In June 1689 war between England and France was again declared. The colonists of New France were prepared to do battle with their English neighbours for control of the fur trade. In 1691, preparations were made in New England to invade Canada and for the next several years the British tried to conquer Quebec. They were unsuccessful and the borders remained unchanged. In 1697 the war was ended with the signing of the Treaty of Ryswick, with the French agreeing to return all confiscated British land in America.
New France also suffered economically. The fur trade was starting to dwindle due to European fashion no longer demanding as many furs. In 1696 King Louis XIV had all fur trading posts in the west closed.
In 1701, one hundred years of fighting amongst native nations was put to an end when 1,300 delegates representing more than 40 nations signed a peace treaty. Things weren’t going so well for the newcomers -- peace between England and France did not last long and in the early 1700’s they were yet again at war, both in Europe and in the New World. While the French in the colony were winning their battles, their European counterparts were not. So treaty by treaty the French lost their colony to the British. And it was a vast colony - by 1700, New France covered territory that stretched east-west from Newfoundland to the Prairies, and north-south from Hudson Bay to the Gulf of Mexico.
In 1713, Louis XIV signed the Treaty of Utrecht giving England Hudson Bay, all of Acadia (now Nova Scotia & New Brunswick) and Newfoundland. France would keep the island of Ile Royale as well as any island located in the Gulf of St. Lawrence.
In 1720 the colony, now estimated to have about 25,000 inhabitants, was divided into three areas: Quebec, Three Rivers, and Montreal. And each of these areas was further divided into parishes. The area that is now Ontario was part of Montreal District.
While there was tentative peace in the colony the British and French weren’t taking any chances. Each spent their time strategizing and building new forts to defend their parts of the colony. The British build a fort at the mouth of the Oswego while the French built one at the mouth of the Niagara. Fort Cataraqui was rebuilt, replacing the wood structure for one made of stone. And a fort was built in what is now Toronto.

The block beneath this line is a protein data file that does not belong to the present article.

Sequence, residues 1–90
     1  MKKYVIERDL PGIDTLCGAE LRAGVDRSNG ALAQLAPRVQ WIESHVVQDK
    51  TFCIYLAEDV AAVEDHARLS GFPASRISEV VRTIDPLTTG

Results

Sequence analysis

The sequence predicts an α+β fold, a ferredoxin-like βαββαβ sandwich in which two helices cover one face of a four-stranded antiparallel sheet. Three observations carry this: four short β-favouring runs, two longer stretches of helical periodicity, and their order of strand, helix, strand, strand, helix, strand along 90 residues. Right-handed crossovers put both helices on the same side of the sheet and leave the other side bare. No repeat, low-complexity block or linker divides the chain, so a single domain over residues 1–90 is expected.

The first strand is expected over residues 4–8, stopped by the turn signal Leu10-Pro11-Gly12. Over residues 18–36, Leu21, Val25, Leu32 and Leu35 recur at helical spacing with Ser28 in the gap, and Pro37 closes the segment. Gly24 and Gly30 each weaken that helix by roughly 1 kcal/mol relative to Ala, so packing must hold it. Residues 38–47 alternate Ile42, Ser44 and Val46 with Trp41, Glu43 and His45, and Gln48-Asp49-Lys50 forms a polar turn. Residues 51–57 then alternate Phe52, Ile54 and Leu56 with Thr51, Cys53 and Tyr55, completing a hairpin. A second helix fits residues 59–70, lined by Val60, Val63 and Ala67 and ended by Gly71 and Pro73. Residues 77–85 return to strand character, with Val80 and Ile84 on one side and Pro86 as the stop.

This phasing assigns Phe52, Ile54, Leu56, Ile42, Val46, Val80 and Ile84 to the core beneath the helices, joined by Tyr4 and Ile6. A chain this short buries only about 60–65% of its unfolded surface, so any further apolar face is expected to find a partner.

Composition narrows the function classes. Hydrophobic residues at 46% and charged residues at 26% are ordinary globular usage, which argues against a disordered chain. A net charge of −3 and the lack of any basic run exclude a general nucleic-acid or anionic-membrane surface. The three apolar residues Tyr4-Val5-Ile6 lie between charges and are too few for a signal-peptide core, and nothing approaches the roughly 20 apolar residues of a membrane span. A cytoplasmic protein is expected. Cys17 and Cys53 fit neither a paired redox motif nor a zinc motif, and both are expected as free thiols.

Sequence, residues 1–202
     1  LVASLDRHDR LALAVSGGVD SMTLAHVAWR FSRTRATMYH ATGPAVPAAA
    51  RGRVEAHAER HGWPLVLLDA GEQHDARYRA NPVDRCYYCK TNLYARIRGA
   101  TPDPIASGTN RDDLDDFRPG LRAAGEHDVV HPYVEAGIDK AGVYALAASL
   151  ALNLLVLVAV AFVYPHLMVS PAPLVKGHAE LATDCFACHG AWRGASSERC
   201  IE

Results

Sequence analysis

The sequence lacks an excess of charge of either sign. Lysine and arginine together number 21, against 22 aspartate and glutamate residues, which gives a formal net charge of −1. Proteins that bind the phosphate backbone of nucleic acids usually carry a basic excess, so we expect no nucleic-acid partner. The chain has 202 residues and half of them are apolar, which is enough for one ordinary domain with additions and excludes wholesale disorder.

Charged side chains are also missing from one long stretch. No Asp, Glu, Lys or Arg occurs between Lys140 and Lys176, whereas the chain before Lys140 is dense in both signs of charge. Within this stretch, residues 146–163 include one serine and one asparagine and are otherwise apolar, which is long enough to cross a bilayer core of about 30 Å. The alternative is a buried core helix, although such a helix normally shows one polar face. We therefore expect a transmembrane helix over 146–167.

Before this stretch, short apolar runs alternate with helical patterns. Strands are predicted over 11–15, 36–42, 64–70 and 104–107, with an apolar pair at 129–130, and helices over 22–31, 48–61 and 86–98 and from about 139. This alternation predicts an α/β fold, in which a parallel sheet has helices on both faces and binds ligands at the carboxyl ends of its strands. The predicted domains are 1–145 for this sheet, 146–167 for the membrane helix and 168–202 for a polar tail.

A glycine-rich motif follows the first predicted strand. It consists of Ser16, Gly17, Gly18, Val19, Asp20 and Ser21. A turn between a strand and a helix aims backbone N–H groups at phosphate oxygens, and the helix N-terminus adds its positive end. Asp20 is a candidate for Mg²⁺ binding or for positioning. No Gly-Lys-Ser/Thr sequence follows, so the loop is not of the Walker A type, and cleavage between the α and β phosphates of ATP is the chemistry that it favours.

These preparations paid off when war was declared in 1745 and again in 1756. The French started off strong but by 1758 they were on the losing side of the war, and in 1760 Montreal surrendered and with it all other French forts effectively ending the war. The Treaty of Paris in 1763 had France give control of most of their North American colonies to England. New France was then rechristened Quebec.
The British now had claim to the northern half of the continent as well as control of the fur trade. This encouraged enterprising immigrants to enter the fur trade. Several Montreal businessmen founded the North-West Company (NWC) and within a quarter century had the monopoly on the fur trade much to the chagrin of the Hudson Bay Company. Both companies were competitive, each having over 200 trading posts. Unfortunately there just weren’t enough furs to support both companies and each one pushed their traders further and further west in order to keep up with demand. The HBC, hoping to increase profits by diversifying, started mining and whaling.
In 1774 the Quebec Act established the borders of the province of Quebec. The area would include the land as far west as the Mississippi River, as far south as present-day Ohio, as well as all of present-day Ontario. The Act also established English criminal law and restored French civil law. The government would be headed by Governor Sir Guy Carleton.
During all this upheaval there was little settlement in Ontario, what there was was mostly native tribes, military personnel, and fur traders. However, this would soon change with the arrival of refugees of the American Revolution. In 1775 the US colonies declared independence from Britain sparking a war between England and the colonists. Those who remained loyal to the British Crown soon found themselves unwelcome in their new home and headed North to Canada. The first settlers started arriving in 1776 but the majority of Loyalists arrived after the Treaty of Paris was signed in 1783.
By the time of the Treaty settlement in Ontario was starting to grow. British forts encouraged settlement nearby, the forts would protect the settlers and the settlers would provide the forts with goods and services.
The British government forbade the purchase of land, instead instituting land grants. They would purchase land from the Indians through treaties and would then parcel it and grant it to settlers. Each grant was given freely in accordance to status and rank. To further encourage settlement and ensure the land was settled by those loyal to the British crown, land grants were given to Loyalist and Military families.
In 1788 the area west of the Ottawa River was divided into four districts: Lunenburg (which went as far as the Ganonoque River), Mecklenburg (to the Trent River), Nassau (to Long Point), and Hesse (to Lake St Clair). Each district had its own court headed by three judges, and a Land Board to handle land grant requests. As settlers arrived they were granted land along the waterways, starting with South-Eastern Ontario and moving west towards present-day Windsor.